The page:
TURN DOWN THE HEAT AND HEAR US RAW!
Cutting down on cooking can be a tasty way to better health and a happier planet – but it needs a bit of thought.
When planning our meals, the first thought is often what to cook. And, if you are going to heat your food, here are a few tips to make it more eco-friendly.
But some of the foods we spend time and energy heating up are just as good – and sometimes better – in the raw.
So, as International Raw Food Day shines a spotlight on the subject, we sat down with leading nutritionist, naturopath and co-founder of wellness and self-care company ARDERE, Lauren Windas, to discover how to get the very best from food in its natural state.
Hi Lauren and thanks for chatting to us. First, can you define exactly what a raw food diet looks like?
Yes, of course. A strict raw food diet is where your entire diet is raw and unprocessed. Foods are considered raw when they haven’t been heated above 48C, aren’t refined, pasteurised and haven’t involved pesticides. Of course, it is possible to increase the amount of raw food you eat without going this far.
Why do you think raw food-led diets are on the rise?
People are more conscious than ever about what they put into their bodies and there’s more awareness about how we can take a preventative approach to health when it comes to food.
Why can some raw food be better for you?
When you cook some foods you can lose some of the nutrients, such as the water-soluble B vitamins and vitamin C, along with beneficial enzymes which help digestion and can fight chronic disease. Also cooking some food at high temperature can produce chemical compounds which are linked with chronic diseases such as cancer.
What are the health benefits?
Some people switch to a raw food diet because they believe it will give them clearer skin or more energy. While there’s little clinical evidence to substantiate that, a raw food diet mostly aligns with a plant-based diet, full of vegetables, fruits, nuts and seeds which are ultimately health promoting.
Are some foods better for you when cooked?
Yes, cooking can help boost some nutrients. For example, cooking potatoes releases a fibre that is beneficial to the digestive system and general health. Cooking tomatoes releases more of a red pigment called lycopene, a high intake of which is associated with a lower risk of cancer and heart attacks.
What should you include in a raw food diet?
You need to include foods that provide a plethora of micronutrients – vitamins and minerals – and that support your body’s physiological processes. Here are some of the main foods you should go for:
• Vegetables – especially the likes of spinach, rocket, watercress and bell peppers.
• Fruits – top of my list would be blueberries, bananas, apples and avocado.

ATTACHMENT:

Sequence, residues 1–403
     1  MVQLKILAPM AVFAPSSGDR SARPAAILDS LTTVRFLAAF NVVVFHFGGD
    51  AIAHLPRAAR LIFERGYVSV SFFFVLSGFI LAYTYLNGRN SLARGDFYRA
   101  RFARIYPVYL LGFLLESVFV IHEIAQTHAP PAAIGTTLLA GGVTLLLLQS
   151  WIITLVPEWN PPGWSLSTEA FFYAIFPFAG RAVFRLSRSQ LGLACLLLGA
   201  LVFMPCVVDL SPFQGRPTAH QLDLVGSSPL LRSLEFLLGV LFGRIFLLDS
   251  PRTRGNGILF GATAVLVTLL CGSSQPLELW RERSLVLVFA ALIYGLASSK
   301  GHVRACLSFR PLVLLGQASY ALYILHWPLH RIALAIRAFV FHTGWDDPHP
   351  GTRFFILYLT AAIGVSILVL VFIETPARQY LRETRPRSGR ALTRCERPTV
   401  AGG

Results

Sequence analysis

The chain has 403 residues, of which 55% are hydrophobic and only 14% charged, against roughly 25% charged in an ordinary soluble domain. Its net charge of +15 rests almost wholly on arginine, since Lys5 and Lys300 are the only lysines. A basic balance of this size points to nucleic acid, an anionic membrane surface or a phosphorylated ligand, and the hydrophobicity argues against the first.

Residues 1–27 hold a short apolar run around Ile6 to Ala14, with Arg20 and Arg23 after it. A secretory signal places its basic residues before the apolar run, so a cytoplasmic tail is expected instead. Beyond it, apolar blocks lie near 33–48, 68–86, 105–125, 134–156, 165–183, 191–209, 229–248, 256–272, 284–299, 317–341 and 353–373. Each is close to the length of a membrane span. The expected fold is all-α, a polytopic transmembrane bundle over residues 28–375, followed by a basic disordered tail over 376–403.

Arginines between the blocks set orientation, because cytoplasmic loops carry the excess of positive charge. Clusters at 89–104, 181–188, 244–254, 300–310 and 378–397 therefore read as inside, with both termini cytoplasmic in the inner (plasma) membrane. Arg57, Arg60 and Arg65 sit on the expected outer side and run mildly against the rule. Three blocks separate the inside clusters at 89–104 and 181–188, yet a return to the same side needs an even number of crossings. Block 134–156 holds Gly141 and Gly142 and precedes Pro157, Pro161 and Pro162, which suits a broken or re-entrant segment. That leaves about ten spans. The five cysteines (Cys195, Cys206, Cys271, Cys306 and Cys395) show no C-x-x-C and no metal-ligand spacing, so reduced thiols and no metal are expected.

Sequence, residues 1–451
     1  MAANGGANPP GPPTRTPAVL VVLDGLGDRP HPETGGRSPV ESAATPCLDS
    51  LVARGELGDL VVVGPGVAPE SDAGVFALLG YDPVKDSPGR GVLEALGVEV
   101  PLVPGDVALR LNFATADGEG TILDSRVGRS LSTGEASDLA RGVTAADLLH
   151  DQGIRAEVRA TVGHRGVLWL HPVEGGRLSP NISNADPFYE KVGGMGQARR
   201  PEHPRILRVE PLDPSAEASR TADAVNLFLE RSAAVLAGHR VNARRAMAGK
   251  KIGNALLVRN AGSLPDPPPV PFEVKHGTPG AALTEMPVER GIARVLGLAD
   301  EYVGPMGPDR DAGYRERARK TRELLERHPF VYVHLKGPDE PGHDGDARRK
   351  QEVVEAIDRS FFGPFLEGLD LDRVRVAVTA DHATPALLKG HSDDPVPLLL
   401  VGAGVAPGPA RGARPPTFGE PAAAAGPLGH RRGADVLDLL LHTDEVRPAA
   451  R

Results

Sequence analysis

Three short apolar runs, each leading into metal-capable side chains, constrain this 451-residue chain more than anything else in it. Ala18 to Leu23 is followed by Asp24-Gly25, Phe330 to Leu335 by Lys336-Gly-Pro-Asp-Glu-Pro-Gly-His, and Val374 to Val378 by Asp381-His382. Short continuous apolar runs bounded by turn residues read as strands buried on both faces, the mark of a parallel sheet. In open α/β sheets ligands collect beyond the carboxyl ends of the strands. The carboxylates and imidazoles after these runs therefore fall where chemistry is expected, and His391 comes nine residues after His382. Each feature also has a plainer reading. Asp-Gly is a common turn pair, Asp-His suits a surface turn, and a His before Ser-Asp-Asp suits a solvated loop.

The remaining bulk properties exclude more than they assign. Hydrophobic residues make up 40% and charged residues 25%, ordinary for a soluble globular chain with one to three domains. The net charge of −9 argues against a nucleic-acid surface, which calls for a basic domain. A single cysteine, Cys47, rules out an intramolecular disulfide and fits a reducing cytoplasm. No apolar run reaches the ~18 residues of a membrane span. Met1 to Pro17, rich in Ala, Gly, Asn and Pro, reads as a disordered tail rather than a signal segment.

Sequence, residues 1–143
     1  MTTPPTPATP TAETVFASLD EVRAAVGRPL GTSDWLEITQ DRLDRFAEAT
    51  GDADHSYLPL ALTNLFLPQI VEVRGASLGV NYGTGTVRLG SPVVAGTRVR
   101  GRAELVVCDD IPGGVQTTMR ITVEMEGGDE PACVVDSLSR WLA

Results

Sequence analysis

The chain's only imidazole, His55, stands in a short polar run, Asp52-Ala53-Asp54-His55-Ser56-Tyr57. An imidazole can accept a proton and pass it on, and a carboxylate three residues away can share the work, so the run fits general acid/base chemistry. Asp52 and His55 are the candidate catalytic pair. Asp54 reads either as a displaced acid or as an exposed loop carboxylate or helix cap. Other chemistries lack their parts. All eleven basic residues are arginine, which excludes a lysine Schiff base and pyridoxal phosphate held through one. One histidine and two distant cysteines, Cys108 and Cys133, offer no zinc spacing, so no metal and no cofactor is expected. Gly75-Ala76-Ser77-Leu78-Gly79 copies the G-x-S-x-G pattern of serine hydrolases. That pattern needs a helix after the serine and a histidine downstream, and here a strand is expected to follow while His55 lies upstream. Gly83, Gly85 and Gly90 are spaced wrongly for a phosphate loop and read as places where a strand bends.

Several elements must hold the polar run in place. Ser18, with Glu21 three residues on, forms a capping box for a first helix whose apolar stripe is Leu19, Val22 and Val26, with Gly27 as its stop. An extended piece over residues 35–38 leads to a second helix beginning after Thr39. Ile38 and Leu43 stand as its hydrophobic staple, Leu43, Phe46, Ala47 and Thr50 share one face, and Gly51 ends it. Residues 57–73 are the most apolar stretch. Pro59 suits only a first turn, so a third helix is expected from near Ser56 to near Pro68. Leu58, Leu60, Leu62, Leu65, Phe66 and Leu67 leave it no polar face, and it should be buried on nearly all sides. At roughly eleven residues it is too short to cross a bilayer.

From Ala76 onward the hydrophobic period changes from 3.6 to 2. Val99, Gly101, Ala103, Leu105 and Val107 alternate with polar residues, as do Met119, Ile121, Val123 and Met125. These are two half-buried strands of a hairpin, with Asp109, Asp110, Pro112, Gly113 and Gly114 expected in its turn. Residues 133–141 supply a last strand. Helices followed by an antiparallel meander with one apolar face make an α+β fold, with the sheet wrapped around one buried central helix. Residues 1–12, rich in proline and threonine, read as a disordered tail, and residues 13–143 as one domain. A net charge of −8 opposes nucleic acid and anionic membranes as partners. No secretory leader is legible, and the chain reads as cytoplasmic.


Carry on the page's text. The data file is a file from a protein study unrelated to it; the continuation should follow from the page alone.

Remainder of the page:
• Nuts and seeds – such as almonds, walnuts, Brazil nuts, sunflower and pumpkin seeds.
• Sprouted grains and legumes – aim for brown rice, buckwheat, oats, chickpeas, lentils
• Fermented foods – I’m talking things like kimchi and sauerkraut.
What should you not eat raw?
Cooking some foods protects us from pathogens and can help us digest some foods better, allowing us to absorb more nutrients. Some foods you should avoid raw are kidney beans, potatoes and aubergine which all contain toxins when raw, and cruciferous vegetables like broccoli which are difficult to digest when uncooked.
Who should avoid a raw food diet?
Children, pregnant women, the elderly and those with certain conditions should be wary of a raw food diet and check with their GPs before trying it.
At ZENB we like to celebrate the planet, so is it more eco to eat raw?
Absolutely. Because raw foods aren’t refined or ‘processed’ you’re skipping huge parts of the food production chain, using less energy, and reducing your carbon footprint. Even if you use a dehydrator, it is more energy efficient than an oven!
And can it save you time and effort?
In some ways, yes. For example, there are many versatile salad dishes, full of nourishing ingredients that can be made in minutes. We have some fabulous raw salad recipes on ardere.com. Dinner can be more time-consuming because it can take time and effort to prep and make your meals interesting and versatile.
Do you think it’s about balance, increasing raw food in your diet, but also healthy cooking?
Completely. A raw food diet does crowd a lot of goodness in, but in its strictest form it isn’t sustainable. Cooking makes some foods more digestible, while just eating raw can be very limiting and it’s difficult to get some important nutrients like protein, calcium, iron and vitamin B12. More raw food will naturally increase the amount of healthy fresh fruit, veg, nuts and seeds in your diet. But cook healthy food in a healthy way too. It is a balance. Food should nourish us, but it’s also there to be enjoyed.
Thanks Lauren, It’s been a pleasure.
Yours in wellness.
To discover some unusual foods you may not have realised you can eat raw but are super healthy, stay tuned!